This is just a reminder to me that the years will bring aging and weakness in us all – some more than others – but the weaknesses do not have to rule the soul and spirit. Even though the body might grow weak, we can still be mighty warriors in the spiritual realms for God – of course this is our choice. ec


Blogger Anvilcloud said...

Way to go! I'm impressed that you're so active already.

1/29/2007 09:13:00 PM  
Blogger Granny said...

You seem to be doing well. I think we all have a tendency to want to do more than we should. Our bodies reminds us quickly to slow down.

1/29/2007 09:17:00 PM  
Blogger mreddie said...

AC - Thanks, it seems like a long way to go to get back and way too slow.

Granny - So true, I have been reminded several times - by my body and by the Spice! ec

1/29/2007 09:53:00 PM  
Blogger Brenda said...

I love muscadines. While living in England for 3 years as a teen I'd find myself wishing for muscadines. A glass of cold buttermilk with a piece of my grandma's warm cornbread was another wishful daydream during that time.

I'm so happy that you're doing so well after your surgery ec.

1/29/2007 09:57:00 PM  
Blogger Kila said...

Great post. I enjoyed it. Thank you.

~Kila at momto3cubs

1/29/2007 11:51:00 PM  
Blogger Sometimes Saintly Nick said...

True: one must know his or her limitations. One must also be able to push limits as far as possible. I think that’s what Paul meant by “running the good race.”

1/30/2007 12:01:00 AM  
Blogger Merle said...

Hi Mr. Eddie ~~ Glad you are gradually getting back to living and working, but do take care. We do not heal as quickly as we get older unfortunately.
Thanks for your visit, I had a lovely morning with Sherrill and a talk about
old times and old friends. Take care,
Regards, Merle.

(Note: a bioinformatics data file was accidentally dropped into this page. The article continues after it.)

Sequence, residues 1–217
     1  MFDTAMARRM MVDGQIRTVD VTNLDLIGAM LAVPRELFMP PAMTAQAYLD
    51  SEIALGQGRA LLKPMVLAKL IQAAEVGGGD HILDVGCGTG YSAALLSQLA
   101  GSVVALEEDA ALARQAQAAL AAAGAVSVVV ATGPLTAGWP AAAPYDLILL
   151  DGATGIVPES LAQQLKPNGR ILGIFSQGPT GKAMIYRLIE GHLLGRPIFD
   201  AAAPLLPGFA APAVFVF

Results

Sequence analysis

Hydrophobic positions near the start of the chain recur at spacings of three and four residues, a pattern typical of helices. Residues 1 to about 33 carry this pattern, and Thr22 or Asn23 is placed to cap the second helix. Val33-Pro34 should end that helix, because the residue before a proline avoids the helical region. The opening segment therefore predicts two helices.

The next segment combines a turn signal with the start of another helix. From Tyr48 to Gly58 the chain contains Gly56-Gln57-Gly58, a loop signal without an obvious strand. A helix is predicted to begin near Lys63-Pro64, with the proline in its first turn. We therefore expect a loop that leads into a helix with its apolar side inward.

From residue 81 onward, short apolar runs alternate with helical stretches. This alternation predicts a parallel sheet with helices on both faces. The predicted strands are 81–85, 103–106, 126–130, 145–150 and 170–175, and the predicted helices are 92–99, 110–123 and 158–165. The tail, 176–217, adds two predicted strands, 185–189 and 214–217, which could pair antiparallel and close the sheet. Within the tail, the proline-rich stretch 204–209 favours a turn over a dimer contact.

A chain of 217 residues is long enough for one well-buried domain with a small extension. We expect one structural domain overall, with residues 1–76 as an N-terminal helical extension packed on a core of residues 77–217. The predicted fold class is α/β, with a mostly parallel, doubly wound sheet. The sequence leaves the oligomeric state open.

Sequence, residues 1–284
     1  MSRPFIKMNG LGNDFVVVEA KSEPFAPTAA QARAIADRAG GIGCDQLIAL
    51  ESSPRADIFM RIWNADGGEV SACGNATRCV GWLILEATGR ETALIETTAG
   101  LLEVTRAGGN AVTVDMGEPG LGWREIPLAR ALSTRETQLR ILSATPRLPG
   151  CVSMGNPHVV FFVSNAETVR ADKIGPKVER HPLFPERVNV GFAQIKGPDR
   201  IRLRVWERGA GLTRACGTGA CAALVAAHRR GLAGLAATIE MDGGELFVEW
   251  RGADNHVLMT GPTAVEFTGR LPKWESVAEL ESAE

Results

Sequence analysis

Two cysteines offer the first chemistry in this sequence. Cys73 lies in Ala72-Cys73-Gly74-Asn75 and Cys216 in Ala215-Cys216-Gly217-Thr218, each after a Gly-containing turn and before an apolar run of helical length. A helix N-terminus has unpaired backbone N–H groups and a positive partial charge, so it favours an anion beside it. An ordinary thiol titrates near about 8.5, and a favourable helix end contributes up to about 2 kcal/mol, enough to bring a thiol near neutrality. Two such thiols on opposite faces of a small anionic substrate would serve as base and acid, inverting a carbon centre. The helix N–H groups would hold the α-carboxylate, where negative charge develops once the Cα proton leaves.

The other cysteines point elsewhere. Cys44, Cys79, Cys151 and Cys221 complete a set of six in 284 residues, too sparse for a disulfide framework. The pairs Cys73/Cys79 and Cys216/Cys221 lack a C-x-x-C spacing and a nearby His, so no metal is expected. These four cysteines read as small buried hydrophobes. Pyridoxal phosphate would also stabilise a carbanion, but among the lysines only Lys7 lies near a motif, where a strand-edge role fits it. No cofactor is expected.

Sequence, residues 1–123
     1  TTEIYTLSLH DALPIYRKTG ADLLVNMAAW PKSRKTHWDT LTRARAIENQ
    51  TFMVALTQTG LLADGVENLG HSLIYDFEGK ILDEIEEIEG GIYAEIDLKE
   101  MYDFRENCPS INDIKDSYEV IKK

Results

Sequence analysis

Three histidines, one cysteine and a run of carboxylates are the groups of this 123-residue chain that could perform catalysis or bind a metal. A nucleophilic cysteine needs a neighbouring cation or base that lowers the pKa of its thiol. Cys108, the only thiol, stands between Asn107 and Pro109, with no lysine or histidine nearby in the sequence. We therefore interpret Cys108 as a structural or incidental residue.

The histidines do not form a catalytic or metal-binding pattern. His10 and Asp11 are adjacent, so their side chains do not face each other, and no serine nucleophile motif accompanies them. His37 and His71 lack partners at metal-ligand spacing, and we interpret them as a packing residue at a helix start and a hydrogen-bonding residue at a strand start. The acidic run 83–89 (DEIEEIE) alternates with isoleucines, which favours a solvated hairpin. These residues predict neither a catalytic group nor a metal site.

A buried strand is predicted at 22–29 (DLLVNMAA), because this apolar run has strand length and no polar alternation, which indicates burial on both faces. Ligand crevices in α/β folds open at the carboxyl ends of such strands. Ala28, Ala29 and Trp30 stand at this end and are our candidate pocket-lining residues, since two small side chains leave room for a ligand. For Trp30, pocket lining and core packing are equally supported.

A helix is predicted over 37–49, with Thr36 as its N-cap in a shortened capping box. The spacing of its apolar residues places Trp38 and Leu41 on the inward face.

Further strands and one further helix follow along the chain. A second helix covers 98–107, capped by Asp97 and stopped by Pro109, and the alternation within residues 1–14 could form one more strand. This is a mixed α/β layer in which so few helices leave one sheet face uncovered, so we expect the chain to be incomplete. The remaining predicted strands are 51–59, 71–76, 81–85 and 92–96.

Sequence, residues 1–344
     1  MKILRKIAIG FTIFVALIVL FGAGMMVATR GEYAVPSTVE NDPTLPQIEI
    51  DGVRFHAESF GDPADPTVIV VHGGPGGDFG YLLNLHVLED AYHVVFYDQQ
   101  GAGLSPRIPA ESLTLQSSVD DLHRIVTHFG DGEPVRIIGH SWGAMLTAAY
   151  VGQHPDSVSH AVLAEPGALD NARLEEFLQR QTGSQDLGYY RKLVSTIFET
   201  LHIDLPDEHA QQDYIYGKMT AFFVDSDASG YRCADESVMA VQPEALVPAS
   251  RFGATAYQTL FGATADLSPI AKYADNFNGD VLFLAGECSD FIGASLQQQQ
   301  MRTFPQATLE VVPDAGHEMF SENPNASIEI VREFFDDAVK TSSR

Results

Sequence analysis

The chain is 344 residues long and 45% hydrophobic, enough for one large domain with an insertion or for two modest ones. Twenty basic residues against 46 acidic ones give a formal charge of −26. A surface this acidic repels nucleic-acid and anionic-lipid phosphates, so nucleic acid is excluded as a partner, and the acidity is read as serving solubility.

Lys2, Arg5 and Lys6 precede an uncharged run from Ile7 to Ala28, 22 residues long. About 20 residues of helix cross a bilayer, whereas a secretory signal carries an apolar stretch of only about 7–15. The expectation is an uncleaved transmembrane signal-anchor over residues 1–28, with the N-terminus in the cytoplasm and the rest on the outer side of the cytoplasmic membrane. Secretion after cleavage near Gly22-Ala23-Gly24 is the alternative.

1/30/2007 05:20:00 AM  
Blogger junierose said...


I enjoyed this post and am happy to know you're doing so well. Just don't push yourself to hard-too soon.


1/30/2007 07:44:00 AM  
Blogger Jayleigh said...

Thank you for that, MrEddie!!!

1/30/2007 06:20:00 PM  
Blogger Bonita said...

You are fortunate to have decent weather to do, it is still too cold to do any yardwork. Frost this morning.

1/30/2007 10:31:00 PM  
Blogger mreddie said...

Brenda - I'm with you on the cornbread and buttermilk as well. I remember that my Dad used to eat that to end a meal, almost like dessert.

Kila - Thanks, I enjoyed living and writing it. :)

SSN - My back surgeon told me to let my actions be ruled by 'if it hurts, don't do it' but then go back later and push against that limit again just to see.

Merle - The slow healing is a reality, I just try to do a little more each day - walking and/or working in the yard.

Junierose - That is a constant thing to watch with me, I tend to try to do too much too quick.

Jayleigh - You are so very welcome.

Bonita - It has been pretty cold but that is just the right weather for pruning. We actually might get some freezing rain in the morning - that would be odd. ec

1/31/2007 11:23:00 PM